Volume 00 Issue 17

Dear Fellow Rotarians,
Happy New Year to all of you. I trust that all of you have had an enjoyable holiday and are now fully refreshed and ready for the year ahead. This also marks the halfway point in the Rotary Year. It does seem to be passing quickly. This certainly gives me incentive to redouble my efforts on behalf of the Club. I also encourage the Service Directors to take inventory of their accomplishments so far, and determine now what else they would like to acheive during this Rotary Year. There is still plenty of time left.
As promised, I have prepared a report with photos on my recent visit to the “Three Schools”. This can be viewed on the Club Web Site at: http://www.rotary3450.org/kowloon-north/
Last week I made a stop in Hawaii on my way back from spending Christmas with my family in the U.S.  The purpose of this stop was to climb the Mauna Loa Volcano (13,677 ft)  Myself and two partners began last Friday at the 6600 level and climbed that day to a small hut situated at just over 10,000. Having come directly from sea-level we were definitely feeling the effect of the thin air. The following day we started off with the intention of climbing directly to the summit and then descending to spend the night at a hut at 13,250. The altitude took its toll on my two partners and both of them elected to proceed directly to the hut and skip the summit bid. I was inclined to do the same, especially because the hour was growing late, and I was not sure that I would be able to make the summit and return back to the hut before dark. However, I was determined to fly our Club Flag on the summit so I threw caution to the wind and proceeded on alone.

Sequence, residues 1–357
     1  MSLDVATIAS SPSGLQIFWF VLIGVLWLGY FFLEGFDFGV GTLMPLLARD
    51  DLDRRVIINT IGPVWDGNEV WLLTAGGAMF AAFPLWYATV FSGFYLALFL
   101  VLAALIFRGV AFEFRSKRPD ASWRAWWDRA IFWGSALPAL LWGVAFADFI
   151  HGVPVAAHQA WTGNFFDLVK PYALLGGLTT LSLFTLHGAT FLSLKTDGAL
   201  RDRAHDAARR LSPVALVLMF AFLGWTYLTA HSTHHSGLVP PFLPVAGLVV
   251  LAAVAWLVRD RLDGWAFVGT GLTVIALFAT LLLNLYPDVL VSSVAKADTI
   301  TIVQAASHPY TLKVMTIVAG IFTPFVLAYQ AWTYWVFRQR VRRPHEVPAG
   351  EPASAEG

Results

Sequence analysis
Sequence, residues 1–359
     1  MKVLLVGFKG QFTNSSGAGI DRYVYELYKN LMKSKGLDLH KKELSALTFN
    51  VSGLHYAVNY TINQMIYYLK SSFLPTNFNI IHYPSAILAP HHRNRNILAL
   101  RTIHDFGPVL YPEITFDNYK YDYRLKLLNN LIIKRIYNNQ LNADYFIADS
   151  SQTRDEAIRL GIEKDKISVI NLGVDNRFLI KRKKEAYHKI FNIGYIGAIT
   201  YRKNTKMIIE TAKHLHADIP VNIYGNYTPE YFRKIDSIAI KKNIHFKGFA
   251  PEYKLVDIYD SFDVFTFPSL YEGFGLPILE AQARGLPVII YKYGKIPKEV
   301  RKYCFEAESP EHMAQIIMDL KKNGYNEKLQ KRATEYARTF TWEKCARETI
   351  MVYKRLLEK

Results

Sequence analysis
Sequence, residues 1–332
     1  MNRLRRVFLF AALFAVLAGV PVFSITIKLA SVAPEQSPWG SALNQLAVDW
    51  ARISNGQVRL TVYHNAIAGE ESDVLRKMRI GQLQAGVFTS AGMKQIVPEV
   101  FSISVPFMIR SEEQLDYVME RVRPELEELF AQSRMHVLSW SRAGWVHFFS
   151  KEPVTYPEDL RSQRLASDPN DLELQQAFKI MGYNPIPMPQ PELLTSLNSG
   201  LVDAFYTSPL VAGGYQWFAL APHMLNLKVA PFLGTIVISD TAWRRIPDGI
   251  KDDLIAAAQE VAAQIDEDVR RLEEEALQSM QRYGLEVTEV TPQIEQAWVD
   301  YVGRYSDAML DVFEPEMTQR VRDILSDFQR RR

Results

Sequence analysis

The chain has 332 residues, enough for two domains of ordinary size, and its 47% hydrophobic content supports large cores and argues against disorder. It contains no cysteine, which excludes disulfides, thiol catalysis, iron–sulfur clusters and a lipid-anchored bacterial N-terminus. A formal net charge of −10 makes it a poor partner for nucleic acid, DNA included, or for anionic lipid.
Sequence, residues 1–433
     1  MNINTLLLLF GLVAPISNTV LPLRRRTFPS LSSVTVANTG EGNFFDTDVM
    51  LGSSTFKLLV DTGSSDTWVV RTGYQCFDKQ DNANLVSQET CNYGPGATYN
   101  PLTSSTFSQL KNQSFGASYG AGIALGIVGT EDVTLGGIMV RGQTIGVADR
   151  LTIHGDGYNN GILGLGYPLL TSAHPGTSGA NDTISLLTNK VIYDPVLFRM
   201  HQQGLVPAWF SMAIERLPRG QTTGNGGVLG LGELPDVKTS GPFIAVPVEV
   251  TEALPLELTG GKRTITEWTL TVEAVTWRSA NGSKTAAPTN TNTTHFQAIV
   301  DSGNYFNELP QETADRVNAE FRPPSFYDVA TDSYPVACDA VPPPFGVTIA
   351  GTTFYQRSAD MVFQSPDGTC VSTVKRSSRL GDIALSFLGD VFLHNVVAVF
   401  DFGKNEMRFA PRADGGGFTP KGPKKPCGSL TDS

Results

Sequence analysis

Despite the tropical location, there is no vegetation of any sort above 10,000 feet
Note the sea of clouds in the background
By the time I reached the summit it was nearly 4:30 and there was only two hours of daylight left. I hoped that I could travel the 4.8 miles back to the hut before darkness. Unfortunately, this was not to be. I made it to within about 1 mile of the hut when darkness fell and I lost the trail. The temperature was dropping fast after sunset, and I was facing the prospect of a cold night alone on the mountain without shelter. Fortunately, my partners had not forgotten about me, and set out to search for me. After a cold couple of hours they found me and we all made it back to camp safely.
This week we have a gentlemen with a most unusual profession to speak to us. Mr Dominic Brittain of the Hong Kong Police Bomb Disposal Unit will be talking about his experiences in Hong Kong. I have always been curious about whether or not professionals are terrified when they are diffusing bombs, or is it just another day at the office. Perhaps Mr. Brittain will be able to shed some light on this.
I look forward to seeing all of you there.
Yours in Rotary,
President Bill